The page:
Delaware public health officials announce third case of West Nile Virus

The Delaware Division of Public Health (DPH) has announced that a third person has been infected with West Nile Virus (WNV).

An 87-year-old Kent County woman has become infected with WNV, according to public health officials, making it the state’s third human case of 2021.

The woman indicated no travel history that could have led to transmission, meaning she contracted WNV in Delaware. To protect the patient’s privacy, DPH will not provide additional information on this case.

WNV is a mosquito-borne illness that can cause serious health problems. WNV is transmitted by mosquitoes, generally in summer and fall, with a peak period for disease transmissions from mid-August to mid-October.

Nearly 80 percent of people infected with WNV will not become ill. While only a little less than 20 percent of those infected with the virus will develop West Nile fever with mild symptoms (fever, headache, body aches, a skin rash on the chest or back and swollen lymph glands), one in 150 people infected will develop severe infection (West Nile encephalitis or meningitis).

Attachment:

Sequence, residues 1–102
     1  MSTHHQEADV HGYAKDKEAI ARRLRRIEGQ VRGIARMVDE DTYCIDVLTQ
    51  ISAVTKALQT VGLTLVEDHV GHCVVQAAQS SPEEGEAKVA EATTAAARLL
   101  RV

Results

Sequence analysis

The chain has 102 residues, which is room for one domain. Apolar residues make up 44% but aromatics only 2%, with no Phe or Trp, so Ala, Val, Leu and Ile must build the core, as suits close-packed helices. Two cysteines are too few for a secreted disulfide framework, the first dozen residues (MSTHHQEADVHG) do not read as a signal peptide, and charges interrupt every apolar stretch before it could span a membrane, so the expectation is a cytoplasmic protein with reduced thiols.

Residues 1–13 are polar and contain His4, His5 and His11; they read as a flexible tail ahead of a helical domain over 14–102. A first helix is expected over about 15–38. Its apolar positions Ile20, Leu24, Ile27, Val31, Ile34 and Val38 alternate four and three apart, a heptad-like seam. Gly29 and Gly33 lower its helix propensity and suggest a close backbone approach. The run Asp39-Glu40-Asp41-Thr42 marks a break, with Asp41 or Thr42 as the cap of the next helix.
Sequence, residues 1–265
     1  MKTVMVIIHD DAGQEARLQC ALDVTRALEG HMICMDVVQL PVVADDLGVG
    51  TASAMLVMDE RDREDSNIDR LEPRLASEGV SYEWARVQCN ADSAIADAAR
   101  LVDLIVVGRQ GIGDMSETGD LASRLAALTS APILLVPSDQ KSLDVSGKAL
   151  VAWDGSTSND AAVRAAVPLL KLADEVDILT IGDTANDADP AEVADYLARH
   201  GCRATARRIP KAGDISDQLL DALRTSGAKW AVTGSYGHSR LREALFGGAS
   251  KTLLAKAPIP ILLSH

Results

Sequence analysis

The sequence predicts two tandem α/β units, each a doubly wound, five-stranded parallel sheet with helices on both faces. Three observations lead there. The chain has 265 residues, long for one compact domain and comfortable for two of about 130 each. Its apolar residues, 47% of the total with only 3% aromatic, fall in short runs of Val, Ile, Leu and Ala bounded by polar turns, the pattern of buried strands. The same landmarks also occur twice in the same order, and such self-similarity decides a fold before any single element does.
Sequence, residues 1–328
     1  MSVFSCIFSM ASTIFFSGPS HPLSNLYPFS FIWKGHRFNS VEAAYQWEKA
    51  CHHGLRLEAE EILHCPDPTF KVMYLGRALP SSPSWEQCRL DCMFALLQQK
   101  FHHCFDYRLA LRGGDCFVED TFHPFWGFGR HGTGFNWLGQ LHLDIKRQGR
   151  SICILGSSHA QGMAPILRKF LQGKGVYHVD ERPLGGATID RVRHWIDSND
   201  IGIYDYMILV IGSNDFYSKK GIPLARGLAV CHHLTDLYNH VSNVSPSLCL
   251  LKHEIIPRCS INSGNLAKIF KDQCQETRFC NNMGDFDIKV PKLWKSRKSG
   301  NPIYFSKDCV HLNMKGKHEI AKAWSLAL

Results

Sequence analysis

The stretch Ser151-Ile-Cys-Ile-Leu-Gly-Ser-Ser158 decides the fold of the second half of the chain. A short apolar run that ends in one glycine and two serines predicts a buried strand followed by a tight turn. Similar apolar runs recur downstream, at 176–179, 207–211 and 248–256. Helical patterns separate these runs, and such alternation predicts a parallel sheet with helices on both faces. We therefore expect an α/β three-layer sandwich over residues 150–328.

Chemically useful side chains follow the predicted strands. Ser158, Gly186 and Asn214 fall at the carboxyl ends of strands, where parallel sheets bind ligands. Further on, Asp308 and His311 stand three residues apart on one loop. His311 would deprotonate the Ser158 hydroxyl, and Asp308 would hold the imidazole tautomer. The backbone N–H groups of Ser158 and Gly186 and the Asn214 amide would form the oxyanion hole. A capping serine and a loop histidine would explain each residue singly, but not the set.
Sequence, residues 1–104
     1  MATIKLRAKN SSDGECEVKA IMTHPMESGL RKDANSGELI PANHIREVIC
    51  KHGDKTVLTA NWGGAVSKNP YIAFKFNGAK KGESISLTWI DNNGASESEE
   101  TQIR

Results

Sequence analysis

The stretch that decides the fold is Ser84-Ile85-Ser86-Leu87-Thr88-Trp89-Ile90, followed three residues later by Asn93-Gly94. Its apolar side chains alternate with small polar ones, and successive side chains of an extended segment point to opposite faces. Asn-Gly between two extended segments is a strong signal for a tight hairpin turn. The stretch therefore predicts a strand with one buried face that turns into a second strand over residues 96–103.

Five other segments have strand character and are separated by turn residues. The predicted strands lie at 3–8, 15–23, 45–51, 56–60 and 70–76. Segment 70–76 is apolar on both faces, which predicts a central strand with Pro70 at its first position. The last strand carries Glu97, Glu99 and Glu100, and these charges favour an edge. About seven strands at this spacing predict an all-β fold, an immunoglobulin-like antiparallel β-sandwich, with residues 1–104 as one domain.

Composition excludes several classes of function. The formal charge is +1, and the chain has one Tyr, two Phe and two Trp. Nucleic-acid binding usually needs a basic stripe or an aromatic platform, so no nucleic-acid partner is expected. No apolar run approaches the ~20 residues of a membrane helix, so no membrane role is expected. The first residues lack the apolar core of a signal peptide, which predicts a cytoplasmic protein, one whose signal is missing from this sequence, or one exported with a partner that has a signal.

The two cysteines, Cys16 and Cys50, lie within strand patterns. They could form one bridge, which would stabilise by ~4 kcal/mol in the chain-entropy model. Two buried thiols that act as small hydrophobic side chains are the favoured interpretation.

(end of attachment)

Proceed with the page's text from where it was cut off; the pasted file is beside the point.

Symptoms of severe WNV infection include headache, high fever, stiff neck, and/or tremors and muscle weakness. The elderly and those with weakened immune systems are most at risk. Anyone who experiences any of these severe symptoms should seek medical help immediately. Symptoms may progress to stupor, disorientation, coma, convulsions, paralysis and possibly death.

The mosquitoes that cause WNV bite primarily from dusk (evening) to dawn (morning). However, other mosquitoes that cause diseases such as chikungunya, dengue fever, and Zika can bite during the day. It is important to protect yourself by wearing insect repellent whenever you go outdoors. It’s also recommended to wear light-colored, long-sleeved shirts and pants to protect your limbs from insect bites.

For more information on what you can do to prevent West Nile Virus, visit the Centers For Disease Control and Prevention’s website, www.cdc.gov/westnile/prevention/index.html.

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